In addition, the Attorney-General's Department will receive approximately $600 million, mainly in relation to the royal commission into the institutional responses to child sexual abuse. History will treat this government kindly, and the Prime Minister kindly, for having the courage to say that it is time we showed leadership and that we called this royal commission. There are hundreds, if not thousands, of victims of child sexual abuse around the country. For decades they have thought that their abuse and the circumstances they faced were not treated as credible, that nobody believed them. They have gone through their lives taking the psychological and other damage that has been done to them into their adult lives. Nobody believed them; they were not treated seriously. For the first time, they will have a whole-of-government response through this royal commission to ensure that their stories are heard and, where criminal acts have occurred, there will be an appropriate all-of-government response to those crimes visited upon those young children. The government will provide the Department of Immigration and Citizenship with approximately $37 million primarily for offshore asylum seeker management purposes as well as for visa compliance and status resolution. The Department of Human Services will be provided approximately $31 million mainly in relation to changed estimates of service delivery costs. The Australian Customs and Border Protection Service will be provided with approximately $24 million for increased border protection capability. The government will provide the Department of Health and Ageing with approximately $26 million as a part of its commitment to support Tasmania's healthcare system, to address challenges caused by Tasmania's ageing population, high rates of chronic disease and constraints in the state's health system as well as to equip it to meet future changes. Again, that is a clear commitment that this government has to ensuring the health needs of all citizens in Tasmania are met.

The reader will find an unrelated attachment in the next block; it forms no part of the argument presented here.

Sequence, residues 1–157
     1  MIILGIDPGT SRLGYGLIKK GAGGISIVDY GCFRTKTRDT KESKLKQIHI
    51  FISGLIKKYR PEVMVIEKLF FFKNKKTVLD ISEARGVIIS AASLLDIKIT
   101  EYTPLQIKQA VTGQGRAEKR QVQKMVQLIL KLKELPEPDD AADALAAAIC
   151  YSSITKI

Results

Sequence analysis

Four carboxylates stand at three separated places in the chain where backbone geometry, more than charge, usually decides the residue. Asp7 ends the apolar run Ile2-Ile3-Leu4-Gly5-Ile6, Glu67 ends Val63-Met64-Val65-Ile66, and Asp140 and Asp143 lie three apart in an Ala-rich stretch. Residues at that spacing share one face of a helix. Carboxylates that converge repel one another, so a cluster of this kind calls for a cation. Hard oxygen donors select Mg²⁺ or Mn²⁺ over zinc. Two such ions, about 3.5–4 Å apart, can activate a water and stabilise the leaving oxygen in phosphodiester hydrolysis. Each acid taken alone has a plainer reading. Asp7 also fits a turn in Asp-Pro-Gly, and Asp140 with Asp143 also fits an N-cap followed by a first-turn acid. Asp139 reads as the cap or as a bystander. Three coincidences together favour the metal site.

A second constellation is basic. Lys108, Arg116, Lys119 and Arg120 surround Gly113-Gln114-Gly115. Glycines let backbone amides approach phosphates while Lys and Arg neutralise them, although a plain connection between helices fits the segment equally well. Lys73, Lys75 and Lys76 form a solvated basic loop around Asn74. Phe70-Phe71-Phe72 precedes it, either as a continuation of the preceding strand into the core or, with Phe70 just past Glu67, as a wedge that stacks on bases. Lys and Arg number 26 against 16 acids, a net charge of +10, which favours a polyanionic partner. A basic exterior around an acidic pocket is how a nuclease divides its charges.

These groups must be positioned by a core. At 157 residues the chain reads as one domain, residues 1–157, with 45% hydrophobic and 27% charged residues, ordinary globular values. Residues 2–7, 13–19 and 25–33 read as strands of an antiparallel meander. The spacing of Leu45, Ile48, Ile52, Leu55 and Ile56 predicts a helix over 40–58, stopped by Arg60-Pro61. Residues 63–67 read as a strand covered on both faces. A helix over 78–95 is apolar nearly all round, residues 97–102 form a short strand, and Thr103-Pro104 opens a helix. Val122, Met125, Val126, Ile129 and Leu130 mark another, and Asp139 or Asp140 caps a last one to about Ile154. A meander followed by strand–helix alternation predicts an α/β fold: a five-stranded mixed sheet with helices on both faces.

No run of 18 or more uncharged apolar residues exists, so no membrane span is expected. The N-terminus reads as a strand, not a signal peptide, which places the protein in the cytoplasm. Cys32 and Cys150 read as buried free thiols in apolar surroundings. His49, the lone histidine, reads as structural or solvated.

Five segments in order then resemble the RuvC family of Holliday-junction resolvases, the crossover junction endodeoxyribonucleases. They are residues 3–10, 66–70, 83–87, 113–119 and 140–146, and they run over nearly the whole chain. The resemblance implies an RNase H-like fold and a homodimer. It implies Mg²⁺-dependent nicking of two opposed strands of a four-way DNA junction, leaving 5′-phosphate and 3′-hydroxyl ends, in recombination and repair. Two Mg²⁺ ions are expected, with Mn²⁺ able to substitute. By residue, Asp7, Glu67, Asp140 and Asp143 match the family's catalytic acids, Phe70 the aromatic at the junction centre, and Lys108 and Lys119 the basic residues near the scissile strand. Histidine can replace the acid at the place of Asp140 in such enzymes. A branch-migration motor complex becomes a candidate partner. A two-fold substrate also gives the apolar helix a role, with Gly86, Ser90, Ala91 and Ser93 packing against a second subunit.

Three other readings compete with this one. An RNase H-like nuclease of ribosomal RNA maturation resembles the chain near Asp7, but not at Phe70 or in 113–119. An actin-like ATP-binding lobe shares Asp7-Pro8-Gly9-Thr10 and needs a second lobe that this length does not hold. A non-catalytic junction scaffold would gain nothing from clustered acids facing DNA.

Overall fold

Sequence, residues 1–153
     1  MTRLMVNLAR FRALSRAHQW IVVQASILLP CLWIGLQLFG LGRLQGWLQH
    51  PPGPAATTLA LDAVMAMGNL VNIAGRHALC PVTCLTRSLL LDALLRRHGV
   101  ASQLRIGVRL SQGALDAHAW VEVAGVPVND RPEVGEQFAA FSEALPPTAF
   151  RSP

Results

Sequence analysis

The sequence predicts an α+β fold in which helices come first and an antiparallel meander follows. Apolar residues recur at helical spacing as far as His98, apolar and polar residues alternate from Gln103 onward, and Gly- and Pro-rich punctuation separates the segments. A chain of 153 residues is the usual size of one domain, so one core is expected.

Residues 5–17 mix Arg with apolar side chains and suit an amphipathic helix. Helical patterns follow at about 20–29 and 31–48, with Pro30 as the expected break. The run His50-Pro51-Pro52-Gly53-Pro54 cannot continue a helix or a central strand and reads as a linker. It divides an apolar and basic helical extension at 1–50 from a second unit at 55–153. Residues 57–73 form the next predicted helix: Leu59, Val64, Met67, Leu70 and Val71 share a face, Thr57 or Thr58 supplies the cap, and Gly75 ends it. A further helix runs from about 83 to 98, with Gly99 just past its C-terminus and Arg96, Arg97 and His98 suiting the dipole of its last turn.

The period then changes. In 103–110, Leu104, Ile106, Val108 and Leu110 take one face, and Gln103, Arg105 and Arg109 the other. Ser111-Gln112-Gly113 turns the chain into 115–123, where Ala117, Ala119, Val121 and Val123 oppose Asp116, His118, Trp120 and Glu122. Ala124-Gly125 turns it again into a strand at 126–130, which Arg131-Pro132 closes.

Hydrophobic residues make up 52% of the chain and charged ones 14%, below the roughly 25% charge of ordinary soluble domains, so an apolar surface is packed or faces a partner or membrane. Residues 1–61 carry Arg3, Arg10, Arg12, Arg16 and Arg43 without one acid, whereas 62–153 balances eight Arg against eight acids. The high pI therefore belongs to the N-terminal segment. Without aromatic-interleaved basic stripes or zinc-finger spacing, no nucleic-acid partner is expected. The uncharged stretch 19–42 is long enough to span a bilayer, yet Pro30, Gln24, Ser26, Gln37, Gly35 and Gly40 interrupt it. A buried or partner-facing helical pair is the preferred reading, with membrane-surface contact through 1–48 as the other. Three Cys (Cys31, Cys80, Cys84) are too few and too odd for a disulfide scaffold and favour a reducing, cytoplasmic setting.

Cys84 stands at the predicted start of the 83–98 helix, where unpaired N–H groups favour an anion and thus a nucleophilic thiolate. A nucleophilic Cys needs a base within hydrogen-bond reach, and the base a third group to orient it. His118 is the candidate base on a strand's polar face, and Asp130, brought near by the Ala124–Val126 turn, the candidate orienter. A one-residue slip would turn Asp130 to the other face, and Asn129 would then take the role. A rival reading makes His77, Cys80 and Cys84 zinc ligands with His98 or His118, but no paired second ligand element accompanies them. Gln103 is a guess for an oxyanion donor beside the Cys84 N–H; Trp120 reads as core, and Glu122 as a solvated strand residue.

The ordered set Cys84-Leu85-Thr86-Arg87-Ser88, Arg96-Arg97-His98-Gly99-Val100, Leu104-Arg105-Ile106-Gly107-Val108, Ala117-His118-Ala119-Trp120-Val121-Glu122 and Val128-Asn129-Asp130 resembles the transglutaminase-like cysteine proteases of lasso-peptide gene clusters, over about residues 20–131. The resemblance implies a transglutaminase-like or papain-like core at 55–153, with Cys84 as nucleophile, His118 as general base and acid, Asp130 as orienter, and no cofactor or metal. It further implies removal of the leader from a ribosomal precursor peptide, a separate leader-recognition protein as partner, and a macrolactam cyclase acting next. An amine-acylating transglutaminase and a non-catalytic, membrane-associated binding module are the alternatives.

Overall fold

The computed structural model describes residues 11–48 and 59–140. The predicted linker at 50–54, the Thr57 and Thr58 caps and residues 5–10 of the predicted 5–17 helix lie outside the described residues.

The government will provide approximately $19 million to the Australian Taxation Office mainly in relation to targeted tax compliance activities and transfer of lost superannuation member accounts to the ATO. The importance of that is to ensure that the retirement savings of Australian workers are not lost and are accredited to the accounts of those worker so they have the benefit of that money, which is legally their entitlement, through into their retirement. The government will provide the Department of Resources, Energy and Tourism with approximately $14 million for additional establishment costs for the National Offshore Petroleum Titles Administrator and the remaining amounts that appear in Appropriation Bill No. 3 relate to estimates, variations and minor reclassifications and other minor measures.